Canteen transformation boosts student wellbeing

Monday, July 18, 2022

Kalianna Special School’s total canteen transformation has generated positive changes in student wellbeing and learning. Connecting with our Healthy Kids Advisor in Greater Bendigo, they are on their way to achieving their next healthy food and drink goals.

Kalianna is a special school situated in Bendigo North catering for students aged 5 to 18 years (Prep to Year 12). Students enrolled at the school travel across many shires to attend, including Mt Alexander, Loddon and Greater Bendigo. Their Victorian Certificate of Applied Learning (VCAL) program provides students with hands-on learning experiences that prepare them for gaining employment.

Kalianna’s canteen, named The Caf, is open every weekday serving food and drink to students, staff and parents.

Healthy changes that are tasty too

Before the 2022 school year, Kalianna students would frequently purchase processed food from the canteen on their way to class. This year, they’ve kicked the confectionary and replaced meat pastries with healthier, tastier options such as fruit cups, salad rolls and seasonal soups.

In fact, 95% of the menu is now made from local, fresh produce. Canteen staff arrive at 7.30 am to work with students to prepare sandwiches, salad packs and warm lunches, like the best-selling chicken focaccia.

Peter Bush, Principal of Kalianna, explains why the overhaul of the canteen menu was so important: "We’d been watching the volume of processed foods we’d been selling and wanted to make a change to the student's healthy lifestyles. We went through the previous year’s menu and just started crossing out the highly processed foods. When we looked at the menu, there was nothing left, so we thought we’d make a big change in the cafeteria to make a big change to the student’s health.”

Processed foods, high-sugar items and artificial sweeteners were the prime targets on the old menu. Party pies, sausage rolls, flavoured milk, and carbonated drinks were replaced with lunch options made from organic, locally sourced ingredients. A refreshed fridge was stocked with plain water and zero-sugar flavoured sparkling water. Instead of a gradual transition to the menu, the school’s leadership team decided on a full overhaul. When the students returned for the 2022 school year, they had a brand-new canteen experience.

Community support

“We did think we’d have lots of obstacles to the transformation, but parents have been really, really good,” says Year 10 teacher Leonie Johnston. “They’re loving the changes made because it's kind of helping their children to look at the healthy options."

To encourage uptake of the new items, prices were close to halved. Rolls, focaccias and salad packs are now $2.50. Fruit salads are $1.00. The bottom-line cost of the fresh food is a cost the school is willing to take because it’s increasing the students’ learning and academic focus, which hasn’t happened in the past.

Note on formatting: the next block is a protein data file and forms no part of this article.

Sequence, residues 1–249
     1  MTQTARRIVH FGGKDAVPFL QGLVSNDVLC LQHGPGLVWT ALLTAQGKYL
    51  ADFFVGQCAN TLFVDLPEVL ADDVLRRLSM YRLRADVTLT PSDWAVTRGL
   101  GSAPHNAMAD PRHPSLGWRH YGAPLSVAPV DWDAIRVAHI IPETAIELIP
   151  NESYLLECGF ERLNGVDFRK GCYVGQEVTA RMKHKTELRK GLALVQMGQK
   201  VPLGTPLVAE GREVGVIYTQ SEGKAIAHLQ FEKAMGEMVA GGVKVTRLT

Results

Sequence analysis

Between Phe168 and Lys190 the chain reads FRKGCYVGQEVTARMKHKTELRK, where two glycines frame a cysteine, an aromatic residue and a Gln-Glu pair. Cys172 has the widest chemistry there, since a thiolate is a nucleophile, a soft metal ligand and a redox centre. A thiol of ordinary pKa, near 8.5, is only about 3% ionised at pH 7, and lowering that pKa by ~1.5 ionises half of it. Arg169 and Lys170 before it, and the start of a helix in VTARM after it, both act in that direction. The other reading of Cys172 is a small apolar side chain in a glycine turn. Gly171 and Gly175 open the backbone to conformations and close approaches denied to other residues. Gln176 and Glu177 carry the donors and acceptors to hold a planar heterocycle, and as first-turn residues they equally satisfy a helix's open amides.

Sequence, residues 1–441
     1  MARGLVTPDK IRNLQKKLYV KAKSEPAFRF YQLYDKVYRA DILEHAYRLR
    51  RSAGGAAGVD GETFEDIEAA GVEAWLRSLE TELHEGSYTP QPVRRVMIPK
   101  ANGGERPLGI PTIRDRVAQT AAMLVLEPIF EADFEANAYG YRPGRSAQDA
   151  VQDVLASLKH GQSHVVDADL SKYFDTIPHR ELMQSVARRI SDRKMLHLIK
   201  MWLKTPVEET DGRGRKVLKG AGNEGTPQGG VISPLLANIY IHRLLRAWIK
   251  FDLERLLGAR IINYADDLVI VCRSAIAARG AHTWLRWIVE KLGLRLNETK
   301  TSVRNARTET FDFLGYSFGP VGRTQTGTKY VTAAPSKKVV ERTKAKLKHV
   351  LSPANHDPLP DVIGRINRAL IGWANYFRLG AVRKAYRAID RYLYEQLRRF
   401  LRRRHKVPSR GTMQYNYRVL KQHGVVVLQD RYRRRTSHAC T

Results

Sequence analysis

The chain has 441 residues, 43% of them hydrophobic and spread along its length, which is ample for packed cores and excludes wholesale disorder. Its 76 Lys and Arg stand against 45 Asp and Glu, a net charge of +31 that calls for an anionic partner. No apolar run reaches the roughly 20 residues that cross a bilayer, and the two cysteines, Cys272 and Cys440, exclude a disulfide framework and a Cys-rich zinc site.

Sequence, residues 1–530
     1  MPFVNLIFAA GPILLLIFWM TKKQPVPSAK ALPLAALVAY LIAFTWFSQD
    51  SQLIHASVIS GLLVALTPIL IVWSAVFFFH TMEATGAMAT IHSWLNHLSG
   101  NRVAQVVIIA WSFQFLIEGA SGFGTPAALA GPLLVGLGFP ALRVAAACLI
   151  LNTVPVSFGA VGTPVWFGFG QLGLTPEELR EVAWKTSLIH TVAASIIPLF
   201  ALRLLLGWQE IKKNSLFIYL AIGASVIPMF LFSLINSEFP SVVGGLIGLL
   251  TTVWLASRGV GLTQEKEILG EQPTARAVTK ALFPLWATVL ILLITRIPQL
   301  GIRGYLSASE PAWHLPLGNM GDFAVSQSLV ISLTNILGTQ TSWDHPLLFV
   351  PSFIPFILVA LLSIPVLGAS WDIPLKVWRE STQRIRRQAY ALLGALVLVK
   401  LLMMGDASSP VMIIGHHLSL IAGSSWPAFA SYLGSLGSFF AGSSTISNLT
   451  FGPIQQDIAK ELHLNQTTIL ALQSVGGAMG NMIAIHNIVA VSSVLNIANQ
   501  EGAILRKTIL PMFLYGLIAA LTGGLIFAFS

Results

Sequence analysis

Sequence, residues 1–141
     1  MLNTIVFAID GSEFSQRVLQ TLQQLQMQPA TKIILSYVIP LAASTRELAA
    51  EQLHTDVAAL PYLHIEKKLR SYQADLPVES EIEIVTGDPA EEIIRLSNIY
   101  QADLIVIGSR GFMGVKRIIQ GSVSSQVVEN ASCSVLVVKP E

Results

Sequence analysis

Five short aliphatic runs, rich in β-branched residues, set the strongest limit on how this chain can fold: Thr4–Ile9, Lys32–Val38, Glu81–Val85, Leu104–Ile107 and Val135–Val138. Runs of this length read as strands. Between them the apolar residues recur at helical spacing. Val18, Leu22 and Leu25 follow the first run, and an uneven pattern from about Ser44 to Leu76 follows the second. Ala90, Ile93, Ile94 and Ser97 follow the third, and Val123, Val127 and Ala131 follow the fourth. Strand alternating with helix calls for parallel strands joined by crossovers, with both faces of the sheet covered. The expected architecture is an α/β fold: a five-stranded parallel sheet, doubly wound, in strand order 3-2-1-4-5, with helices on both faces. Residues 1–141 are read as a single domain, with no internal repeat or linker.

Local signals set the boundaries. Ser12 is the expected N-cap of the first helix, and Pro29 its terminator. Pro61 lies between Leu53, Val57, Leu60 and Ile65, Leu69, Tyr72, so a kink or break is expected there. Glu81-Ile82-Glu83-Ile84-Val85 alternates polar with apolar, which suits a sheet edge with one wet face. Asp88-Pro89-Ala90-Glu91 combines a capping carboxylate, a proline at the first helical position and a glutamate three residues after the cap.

Promoting the price drop through fun, vibrant advertising highlighted the huge discounts to students and staff. These savings are an added incentive for the school community to feel positive and support the new-look canteen.

The school has also enjoyed building strong relationships with neighbouring fruit and vegetable growers. The canteen tries to support and source as much produce from the region, enjoying the feeling of having locals coming in to deliver fresh food.

The big difference

Since transforming the food at the canteen, staff have seen a huge improvement in students’ behaviour, alertness and academic attainment.

“We used to have to get all the teaching done before lunch; now, the students are alert until the end of the day,” Leonie Johnston says. “Usually by the third session, some of the students — not all of them — aren’t as engaged in learning. The students who have started eating healthily during the day, and drinking their water and doing things to look after themselves, are focusing until the end of the day and are energetic and willing to get on with things, so that’s wonderful.”

Principal Peter Bush has noticed the same effects: “The older students who I thought would have the most resistance are now bragging about how they’ve had a salad roll instead of the old potato cakes and meat pie they would have had. They’re saying that they’re feeling better. They’re also telling us that they've got more energy in the afternoon, so that's a real positive from the students.”

Refreshing the menu was also an important improvement for the staff. The balanced menu gives them the sustenance to be energised and get through the big teaching day.

A student-led investigation